Acoustic Guitar Notes #4
by Eric Schoenberg
A Cautionary Note
It may seem obvious to many, and many may not agree, but I'd like to mention once again that you can't buy guitars with your eyes alone. There's a gorgeous Irish traditional song named "Star of the County Down", in which the singer sees a beautiful woman at the fair, immediately falls in love and starts scheming on how to "make her his". Aside from the fact that his scheming is in incredibly bad taste (because he's going to "tell her lies" and put on false airs to trick her into liking him), he's fallen head over heels based solely on looks! He's looking for a wife to share his life, not a painting to hang on a wall, and he'll spend a lifetime doing a lot more than looking at her! People can make this mistake when they look at beautiful guitars, too. These instruments make music! Sound and feel are a major part of the work of art that is a great guitar... they are characteristics of great breadth and subtlety... and they make this guitar habit all-consuming.
Counting grain lines. These have nothing to do with the sound or feel. I was the worst offender years ago, but have learned the lesson from the experience of going through hundreds of potential Schoenberg Guitar tops. Koa tops: just because some of the old Hawaiian koa Martin's don't sound great, one shouldn't assume that none do. You have to play each; some are absolutely amazing.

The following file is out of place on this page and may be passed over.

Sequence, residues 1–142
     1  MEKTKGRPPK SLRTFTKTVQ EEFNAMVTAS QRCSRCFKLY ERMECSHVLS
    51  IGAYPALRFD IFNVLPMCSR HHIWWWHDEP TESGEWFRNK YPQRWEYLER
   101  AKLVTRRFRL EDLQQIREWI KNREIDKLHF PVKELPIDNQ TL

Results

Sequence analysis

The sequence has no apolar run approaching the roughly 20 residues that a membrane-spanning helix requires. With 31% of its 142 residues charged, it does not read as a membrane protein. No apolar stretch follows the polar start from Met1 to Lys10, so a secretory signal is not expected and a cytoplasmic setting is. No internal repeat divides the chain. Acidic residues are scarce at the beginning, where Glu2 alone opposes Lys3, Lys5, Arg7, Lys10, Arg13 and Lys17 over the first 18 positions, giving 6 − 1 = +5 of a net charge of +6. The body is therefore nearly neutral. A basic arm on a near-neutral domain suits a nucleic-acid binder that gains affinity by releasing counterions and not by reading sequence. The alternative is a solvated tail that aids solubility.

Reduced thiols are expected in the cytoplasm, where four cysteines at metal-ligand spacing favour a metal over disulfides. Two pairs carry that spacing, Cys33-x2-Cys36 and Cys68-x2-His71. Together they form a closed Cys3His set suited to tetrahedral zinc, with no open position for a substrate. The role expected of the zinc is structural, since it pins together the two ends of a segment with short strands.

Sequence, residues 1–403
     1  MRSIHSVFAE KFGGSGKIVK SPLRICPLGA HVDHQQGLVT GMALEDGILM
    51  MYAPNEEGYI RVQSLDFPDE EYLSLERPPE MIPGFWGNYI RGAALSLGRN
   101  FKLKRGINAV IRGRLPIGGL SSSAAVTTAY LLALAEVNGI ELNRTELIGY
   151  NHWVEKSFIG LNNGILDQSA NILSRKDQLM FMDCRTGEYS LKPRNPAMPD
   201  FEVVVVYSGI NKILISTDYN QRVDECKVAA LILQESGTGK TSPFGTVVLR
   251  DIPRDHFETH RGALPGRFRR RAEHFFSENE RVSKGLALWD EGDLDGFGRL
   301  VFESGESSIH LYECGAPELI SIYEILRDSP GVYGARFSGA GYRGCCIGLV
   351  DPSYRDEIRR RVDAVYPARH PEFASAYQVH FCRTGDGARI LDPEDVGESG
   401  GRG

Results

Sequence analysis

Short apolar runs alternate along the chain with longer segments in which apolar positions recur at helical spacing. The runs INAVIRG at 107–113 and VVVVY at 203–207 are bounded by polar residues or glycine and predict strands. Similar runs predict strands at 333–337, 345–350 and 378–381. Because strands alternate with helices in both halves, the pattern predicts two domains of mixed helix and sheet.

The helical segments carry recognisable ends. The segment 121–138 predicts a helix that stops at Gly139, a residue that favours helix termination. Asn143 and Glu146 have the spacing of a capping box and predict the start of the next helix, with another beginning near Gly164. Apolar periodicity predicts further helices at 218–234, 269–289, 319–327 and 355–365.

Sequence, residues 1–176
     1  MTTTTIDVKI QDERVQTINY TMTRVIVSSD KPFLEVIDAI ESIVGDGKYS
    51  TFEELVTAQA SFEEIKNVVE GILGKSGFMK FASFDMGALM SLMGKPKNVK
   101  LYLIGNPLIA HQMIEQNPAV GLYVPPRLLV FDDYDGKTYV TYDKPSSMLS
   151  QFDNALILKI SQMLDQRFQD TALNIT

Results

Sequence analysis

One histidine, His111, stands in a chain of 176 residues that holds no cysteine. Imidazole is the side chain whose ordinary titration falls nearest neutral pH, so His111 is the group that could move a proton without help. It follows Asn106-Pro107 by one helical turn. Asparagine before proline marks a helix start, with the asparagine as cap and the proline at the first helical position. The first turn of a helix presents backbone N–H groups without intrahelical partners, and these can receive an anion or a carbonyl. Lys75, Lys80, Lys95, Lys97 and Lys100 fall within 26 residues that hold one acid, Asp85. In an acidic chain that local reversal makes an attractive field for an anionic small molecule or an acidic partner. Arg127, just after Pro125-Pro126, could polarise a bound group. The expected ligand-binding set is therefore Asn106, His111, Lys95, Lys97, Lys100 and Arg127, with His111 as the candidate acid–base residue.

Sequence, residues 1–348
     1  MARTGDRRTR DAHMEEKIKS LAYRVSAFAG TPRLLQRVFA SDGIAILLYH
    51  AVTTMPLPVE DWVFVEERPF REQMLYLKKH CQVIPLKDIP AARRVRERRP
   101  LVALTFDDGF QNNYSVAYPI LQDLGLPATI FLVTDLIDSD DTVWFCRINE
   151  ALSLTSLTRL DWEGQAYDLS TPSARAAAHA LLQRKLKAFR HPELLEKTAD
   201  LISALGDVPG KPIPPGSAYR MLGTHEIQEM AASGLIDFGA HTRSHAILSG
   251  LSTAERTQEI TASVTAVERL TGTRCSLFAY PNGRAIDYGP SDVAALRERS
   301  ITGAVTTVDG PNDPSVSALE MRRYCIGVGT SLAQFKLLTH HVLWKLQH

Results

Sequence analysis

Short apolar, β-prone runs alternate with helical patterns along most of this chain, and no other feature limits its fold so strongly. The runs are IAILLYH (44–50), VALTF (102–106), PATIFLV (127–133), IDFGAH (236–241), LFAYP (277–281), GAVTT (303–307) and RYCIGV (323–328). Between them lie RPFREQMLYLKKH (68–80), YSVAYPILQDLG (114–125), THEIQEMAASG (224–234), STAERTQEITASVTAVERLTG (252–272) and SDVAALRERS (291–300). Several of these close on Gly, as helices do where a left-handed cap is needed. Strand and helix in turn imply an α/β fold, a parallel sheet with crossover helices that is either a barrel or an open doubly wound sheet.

A Word on Condition and Originality
I sent out a mid-fifties D-28 a while ago that was mint. It was sent back by a collector saying the neck had been reset and the frets replaced, and was therefore not in original condition. Aside from the fact that he was wrong (because neither of these repairs had been done), his concept of originality strikes me as being wrong. If the repairs had been done poorly, they would detract; but refretting and resets are part of the healthy life of guitars like this. Examples: Stradivarius violins get their necks replaced, and are still worth six and seven figures. The most wonderful guitar to cross my path recently, a 000-45 from 1930, was refinished by Martin around 1950. In my mind, it hasn't lost a thing by being altered. The job was perfect, the guitar is perfect. Let's not get too obsessive about all this collector mentality; it's giving us collectors a bad name!